In more recent years, after the assassination attempt on Ronald Reagan, how cheered we all were when he waved from his window at George Washington University Hospital. But what people didn't know was that Reagan was only alert for one hour a day. The nightly news regularly showed clips of a vigorous Reagan in good spirits. But in fact, these moments were carefully chosen. When he went back to the White House—Bob Woodward conveyed this vividly in his book "Veil"—he showed only brief intervals of lucidity and vigor. This was only the beginning of the Reagan presidency, but according to Woodward, his aides were afraid it would end up as a crippled presidency, like Wilson's caretaker presidency.
You're referring to Woodrow Wilson after his stroke.
In the fall of 1919, Wilson had a disabling stroke while he was on a train trip across the country to mobilize support for his cherished League of Nations. The public knew he was ill, but they didn't know how ill. Only Edith Wilson, chief of staff Joseph Tumulty and his personal physician, Cary Grayson, were allowed to see him. Issues were brought in, and decisions would come out. We talk today about the possibility of having the first woman president, but we effectively already had one in Edith Wilson. After her husband partially recovered, Mrs. Wilson said, "I don't know what you men make such a fuss about. I had no trouble running the country when Woody was ill."
I guess Franklin Roosevelt would be the most famous example of a president who concealed information about his health.
His polio was well known—and it humanized this aristocratic man—but the press was respectful. There were only two or three pictures of him in a wheelchair. What wasn't so well known was how ill he was when he went to the Teheran summit with Winston Churchill and Joseph Stalin in 1943. He came back quite ill. The White House doctor, [Vice] Admiral Ross McIntire, directed cardiologist Howard Bruenn, a Navy [lieutenant] commander, to examine Roosevelt. Bruenn was alarmed at the gravity of Roosevelt's illness. He diagnosed congestive heart failure, hypertension, acute bronchitis and longstanding pulmonary disease. McIntire told Bruenn, you must not tell the president and his family the extent of his illness, and you certainly cannot tell the American public. He issued a reassuring communiqué to the effect that, for a man of his age, Roosevelt was in remarkably good health. But Franklin's son, James Roosevelt, later said he'd never been reconciled to the fact that his father's physicians allowed him to run for a fourth term. It was his death warrant. At the Yalta summit in 1945, Churchill's physician said that Roosevelt looked old and drawn and sat staring ahead with his mouth open. He intervened little in the discussion. He died shortly after the summit of a massive cerebral hemorrhage.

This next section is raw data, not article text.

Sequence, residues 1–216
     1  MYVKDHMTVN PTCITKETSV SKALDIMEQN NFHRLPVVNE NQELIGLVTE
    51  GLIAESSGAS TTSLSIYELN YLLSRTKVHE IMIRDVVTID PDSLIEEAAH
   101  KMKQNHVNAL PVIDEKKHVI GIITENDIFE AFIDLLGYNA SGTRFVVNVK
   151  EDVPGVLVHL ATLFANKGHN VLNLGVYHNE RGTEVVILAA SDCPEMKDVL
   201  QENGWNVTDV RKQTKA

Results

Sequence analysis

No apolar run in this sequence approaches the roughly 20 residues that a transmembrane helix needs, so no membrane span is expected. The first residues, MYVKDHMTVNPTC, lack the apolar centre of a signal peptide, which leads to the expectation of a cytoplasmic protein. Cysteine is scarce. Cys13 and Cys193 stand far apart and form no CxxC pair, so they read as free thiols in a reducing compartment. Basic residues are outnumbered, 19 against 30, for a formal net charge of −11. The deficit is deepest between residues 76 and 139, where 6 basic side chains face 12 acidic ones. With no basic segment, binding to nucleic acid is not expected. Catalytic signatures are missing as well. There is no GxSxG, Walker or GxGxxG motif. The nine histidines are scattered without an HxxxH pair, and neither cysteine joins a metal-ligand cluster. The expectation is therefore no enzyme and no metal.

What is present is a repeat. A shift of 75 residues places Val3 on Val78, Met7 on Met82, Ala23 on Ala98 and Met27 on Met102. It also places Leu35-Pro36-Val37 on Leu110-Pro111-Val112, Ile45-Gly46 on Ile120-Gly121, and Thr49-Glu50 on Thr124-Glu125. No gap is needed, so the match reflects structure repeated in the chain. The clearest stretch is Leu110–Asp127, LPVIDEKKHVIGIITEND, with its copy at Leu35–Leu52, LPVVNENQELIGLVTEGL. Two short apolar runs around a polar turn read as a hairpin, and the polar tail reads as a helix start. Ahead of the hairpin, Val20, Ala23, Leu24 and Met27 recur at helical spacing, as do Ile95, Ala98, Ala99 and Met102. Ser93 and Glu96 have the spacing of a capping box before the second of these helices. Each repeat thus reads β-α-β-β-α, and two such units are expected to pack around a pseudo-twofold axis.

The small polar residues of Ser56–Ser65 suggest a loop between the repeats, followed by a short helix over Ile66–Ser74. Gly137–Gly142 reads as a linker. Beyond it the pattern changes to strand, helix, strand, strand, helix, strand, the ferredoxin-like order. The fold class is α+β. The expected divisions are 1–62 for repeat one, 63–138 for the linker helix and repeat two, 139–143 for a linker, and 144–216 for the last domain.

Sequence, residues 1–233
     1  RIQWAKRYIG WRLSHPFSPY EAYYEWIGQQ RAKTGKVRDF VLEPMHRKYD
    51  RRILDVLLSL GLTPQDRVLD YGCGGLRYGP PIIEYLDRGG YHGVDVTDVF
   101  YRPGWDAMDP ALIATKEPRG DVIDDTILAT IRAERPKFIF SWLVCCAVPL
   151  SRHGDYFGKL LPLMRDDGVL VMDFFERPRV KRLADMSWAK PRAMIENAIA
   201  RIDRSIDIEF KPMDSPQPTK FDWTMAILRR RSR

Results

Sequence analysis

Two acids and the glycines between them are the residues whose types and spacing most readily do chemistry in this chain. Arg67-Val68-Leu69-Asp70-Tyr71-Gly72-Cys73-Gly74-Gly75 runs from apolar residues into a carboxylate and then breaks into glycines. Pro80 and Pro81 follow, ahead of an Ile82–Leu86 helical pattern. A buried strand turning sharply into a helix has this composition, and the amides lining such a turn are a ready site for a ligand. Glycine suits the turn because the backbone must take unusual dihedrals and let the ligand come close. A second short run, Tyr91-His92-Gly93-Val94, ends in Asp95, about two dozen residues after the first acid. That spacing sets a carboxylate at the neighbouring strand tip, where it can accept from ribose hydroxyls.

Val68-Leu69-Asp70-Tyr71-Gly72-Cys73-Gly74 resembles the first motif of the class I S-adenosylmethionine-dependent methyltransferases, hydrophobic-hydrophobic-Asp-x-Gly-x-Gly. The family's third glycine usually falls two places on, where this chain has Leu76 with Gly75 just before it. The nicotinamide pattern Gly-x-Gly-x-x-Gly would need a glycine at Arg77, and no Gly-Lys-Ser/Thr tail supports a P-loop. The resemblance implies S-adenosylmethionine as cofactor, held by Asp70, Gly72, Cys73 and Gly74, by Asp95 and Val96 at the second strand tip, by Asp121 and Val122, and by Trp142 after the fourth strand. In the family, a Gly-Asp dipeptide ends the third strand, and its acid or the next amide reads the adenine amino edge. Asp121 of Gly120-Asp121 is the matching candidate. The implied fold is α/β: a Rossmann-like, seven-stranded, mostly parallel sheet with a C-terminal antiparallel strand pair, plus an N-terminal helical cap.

President Kennedy had Addison's disease.
Yes, but it was only in Robert Dallek's 2003 biography of John Kennedy that we learned the extent of Kennedy's illnesses, which he concealed and which his family continued to conceal after he was assassinated—colitis, duodenal ulcers, osteoporosis and Addison's disease, which is a life-threatening insufficiency of the adrenal glands, requiring twice daily steroids. By 1950, he had constant back pain from vertebral collapse. From the mid-1950s, he was taking powerful narcotics like Demerol and methadone. He took barbiturates for sleep and tranquilizers for anxiety—as many as eight medications a day. There's some indication that he may have abused amphetamines. Before press conferences, he often required injections in the back to control his pain. Throughout his career, he concealed his illnesses.
If elected, John McCain would be 72 when sworn in. Is age an issue?
The first generalization is that one shouldn't generalize. There are some highly creative individuals who function well into their 90s. Konrad Adenauer [who served as German chancellor until the age of 87] was one. Having said that, the danger is that one may attempt to force a new situation into a template from the past and draw false parallels. With the passage of years, there can also be an increased sense of urgency that makes you want to accelerate the pace of change and fit a political timetable to your own. In China, the Cultural Revolution was related to Mao's realization that his time was short and his desire to fully consolidate the revolution before he died.